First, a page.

A 29-year-old man presented with hyperglycemia detected during a medical checkup. He was diagnosed with type 1 diabetes based on the clinical findings and laboratory tests. During the diagnostic process for diabetes, a 2.5-cm mass was incidentally detected at the body and tail of the pancreas by abdominal ultrasound. He had no symptoms or dermal lesions, and his abdomen was soft with no evidence of a palpable mass. There was no past or family history of neurofibromatoses. Tumor markers (carcinoembryonic antigen and carbohydrate antigen 19–9) were within normal ranges.
Contrast-enhanced computed tomography (CT) revealed a mass at the body and tail of the pancreas. The mass was gradually enhanced, and the tumor border was clearly demonstrated (Fig. 1). Magnetic resonance imaging (MRI) revealed low signal intensity of the mass on T1-weighted images and high signal intensity on T2-weighted and diffusion-weighted images (Fig. 2a–c). Magnetic resonance cholangiopancreatography showed no abnormal findings in the main pancreatic duct (Fig. 2d). Endoscopic ultrasonography (EUS) showed a lobulated, low-echoic mass with a clear boundary (Fig. 3a). EUS-guided fine needle biopsy was performed, and spindle-shaped cells that were strongly immunopositive for S-100 (Fig. 3b) and negative for c-kit and desmin were detected. The Ki-67 positivity rate was less than 5%. According to these findings, we diagnosed the mass as a neurogenic tumor, particularly schwannoma arising from intra- or extrapancreatic nerve fibers.
It was unclear whether the location of the tumor was inside or outside the pancreas, and it seemed difficult to divide the tumor from the parenchyma of the pancreas, so we planned a laparoscopic distal pancreatectomy instead of tumor excision. Intraoperatively, the tumor was observed at the body and tail of the pancreas and was tightly connected to the splenic plexus (Fig. 4). The tumor could be easily dissected from the adventitia of the splenic artery. Therefore, we ultimately performed laparoscopic spleen-preserving distal pancreatectomy with conservation of the splenic artery and vein.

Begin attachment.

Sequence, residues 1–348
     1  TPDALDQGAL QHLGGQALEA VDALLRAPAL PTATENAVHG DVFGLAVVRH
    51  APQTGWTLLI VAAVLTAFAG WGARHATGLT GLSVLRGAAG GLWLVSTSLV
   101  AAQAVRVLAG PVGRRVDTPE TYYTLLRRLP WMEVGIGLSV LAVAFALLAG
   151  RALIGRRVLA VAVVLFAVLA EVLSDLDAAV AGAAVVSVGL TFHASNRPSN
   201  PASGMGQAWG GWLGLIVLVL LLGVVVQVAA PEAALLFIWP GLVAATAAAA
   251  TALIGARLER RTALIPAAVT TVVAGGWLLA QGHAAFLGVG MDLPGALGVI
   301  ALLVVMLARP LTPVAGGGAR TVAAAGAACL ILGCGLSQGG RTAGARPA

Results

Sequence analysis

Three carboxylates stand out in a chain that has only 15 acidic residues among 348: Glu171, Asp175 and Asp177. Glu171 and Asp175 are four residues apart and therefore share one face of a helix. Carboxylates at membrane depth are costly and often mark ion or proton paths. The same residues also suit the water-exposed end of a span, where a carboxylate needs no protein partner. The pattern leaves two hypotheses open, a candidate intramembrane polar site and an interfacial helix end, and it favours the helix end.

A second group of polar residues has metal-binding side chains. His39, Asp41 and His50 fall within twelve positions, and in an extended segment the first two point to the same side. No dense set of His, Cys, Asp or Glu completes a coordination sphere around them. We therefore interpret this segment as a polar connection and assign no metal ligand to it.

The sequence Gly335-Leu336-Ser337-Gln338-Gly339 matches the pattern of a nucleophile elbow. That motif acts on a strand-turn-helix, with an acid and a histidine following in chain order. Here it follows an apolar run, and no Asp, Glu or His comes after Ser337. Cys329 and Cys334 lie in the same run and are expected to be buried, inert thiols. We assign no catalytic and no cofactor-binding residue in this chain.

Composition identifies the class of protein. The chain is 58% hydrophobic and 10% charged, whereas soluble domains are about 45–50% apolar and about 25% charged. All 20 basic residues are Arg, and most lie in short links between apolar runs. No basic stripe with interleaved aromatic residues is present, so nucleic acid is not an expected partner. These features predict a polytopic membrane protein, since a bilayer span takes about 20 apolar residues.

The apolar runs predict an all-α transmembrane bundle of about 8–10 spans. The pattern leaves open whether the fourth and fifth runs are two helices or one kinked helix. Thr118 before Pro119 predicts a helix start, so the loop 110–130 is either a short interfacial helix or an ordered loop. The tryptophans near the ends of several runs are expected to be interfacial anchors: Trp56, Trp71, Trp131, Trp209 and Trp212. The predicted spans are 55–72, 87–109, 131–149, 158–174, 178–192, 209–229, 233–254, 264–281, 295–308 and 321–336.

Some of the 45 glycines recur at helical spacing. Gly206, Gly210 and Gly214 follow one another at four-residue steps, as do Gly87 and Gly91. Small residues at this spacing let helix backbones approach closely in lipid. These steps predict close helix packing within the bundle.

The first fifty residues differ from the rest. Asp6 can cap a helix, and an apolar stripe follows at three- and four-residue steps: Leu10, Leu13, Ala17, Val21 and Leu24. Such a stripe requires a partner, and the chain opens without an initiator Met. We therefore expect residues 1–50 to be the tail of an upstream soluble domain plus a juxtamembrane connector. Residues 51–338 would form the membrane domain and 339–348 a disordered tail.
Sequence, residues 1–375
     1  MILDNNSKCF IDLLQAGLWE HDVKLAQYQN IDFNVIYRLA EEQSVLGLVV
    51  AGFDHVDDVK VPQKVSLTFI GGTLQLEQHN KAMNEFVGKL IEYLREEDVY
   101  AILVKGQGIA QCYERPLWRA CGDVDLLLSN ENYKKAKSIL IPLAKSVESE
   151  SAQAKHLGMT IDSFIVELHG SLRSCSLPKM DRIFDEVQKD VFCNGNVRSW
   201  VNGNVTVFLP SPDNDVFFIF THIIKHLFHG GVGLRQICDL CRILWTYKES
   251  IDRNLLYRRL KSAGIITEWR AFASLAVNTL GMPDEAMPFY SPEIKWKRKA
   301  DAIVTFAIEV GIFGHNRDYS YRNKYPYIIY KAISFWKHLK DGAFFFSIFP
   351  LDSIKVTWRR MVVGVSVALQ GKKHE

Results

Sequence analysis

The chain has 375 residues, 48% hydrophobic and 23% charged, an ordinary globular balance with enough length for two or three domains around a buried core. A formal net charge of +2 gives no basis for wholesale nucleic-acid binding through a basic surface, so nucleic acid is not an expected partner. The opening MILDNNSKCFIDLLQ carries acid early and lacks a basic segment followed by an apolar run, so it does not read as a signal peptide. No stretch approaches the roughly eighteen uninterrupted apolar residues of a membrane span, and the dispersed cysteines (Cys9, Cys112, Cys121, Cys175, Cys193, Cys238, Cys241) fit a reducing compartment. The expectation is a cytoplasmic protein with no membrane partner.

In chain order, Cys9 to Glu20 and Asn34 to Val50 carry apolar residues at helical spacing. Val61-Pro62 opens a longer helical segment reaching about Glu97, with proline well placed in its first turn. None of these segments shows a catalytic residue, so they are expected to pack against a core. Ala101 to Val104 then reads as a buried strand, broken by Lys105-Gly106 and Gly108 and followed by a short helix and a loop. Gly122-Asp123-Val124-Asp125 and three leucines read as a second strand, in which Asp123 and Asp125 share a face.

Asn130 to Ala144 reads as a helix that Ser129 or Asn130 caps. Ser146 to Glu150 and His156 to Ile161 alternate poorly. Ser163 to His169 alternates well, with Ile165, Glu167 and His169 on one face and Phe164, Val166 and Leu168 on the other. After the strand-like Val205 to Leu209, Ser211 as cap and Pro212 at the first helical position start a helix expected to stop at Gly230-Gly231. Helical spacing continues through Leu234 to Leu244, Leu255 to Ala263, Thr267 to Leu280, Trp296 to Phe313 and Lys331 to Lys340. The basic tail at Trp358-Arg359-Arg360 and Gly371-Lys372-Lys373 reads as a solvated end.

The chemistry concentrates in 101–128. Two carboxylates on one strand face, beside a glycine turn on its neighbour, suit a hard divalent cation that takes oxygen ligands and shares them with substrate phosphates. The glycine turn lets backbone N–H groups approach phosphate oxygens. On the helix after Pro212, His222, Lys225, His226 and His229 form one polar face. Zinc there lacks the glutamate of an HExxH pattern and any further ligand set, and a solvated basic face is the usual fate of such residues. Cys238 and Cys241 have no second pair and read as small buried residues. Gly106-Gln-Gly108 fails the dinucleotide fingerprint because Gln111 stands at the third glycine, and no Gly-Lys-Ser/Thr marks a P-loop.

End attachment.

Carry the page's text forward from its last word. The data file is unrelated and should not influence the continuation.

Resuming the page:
Macroscopically, the excised tumor was 3.2 × 1.5 cm in size and consisted of multiple yellowish-white nodules surrounded by a thin fibrous capsule (Fig. 5a, b). Microscopically, the lesion mainly consisted of hypercellular areas composed of fascicular and interlacing proliferation of spindle cells with indistinct cytoplasmic borders (Antoni A areas). In these areas, the cell nuclei were aligned in palisades with the formation of Verocay bodies. Hypocellular areas with loose stroma (Antoni B areas) were also occasionally observed, while mitosis was rarely seen (Fig. 5c). These findings confirmed a diagnosis of plexiform schwannoma. There was no pancreatic parenchyma on the dorsal surface of the tumor (Fig. 5a, b), which suggested that the tumor arose from the peripancreatic nerve plexus.
After surgery, the patient recovered uneventfully and was discharged on postoperative day 10. The patient was followed for 34 months and continued to do well without any signs of recurrence or complications at the last follow-up.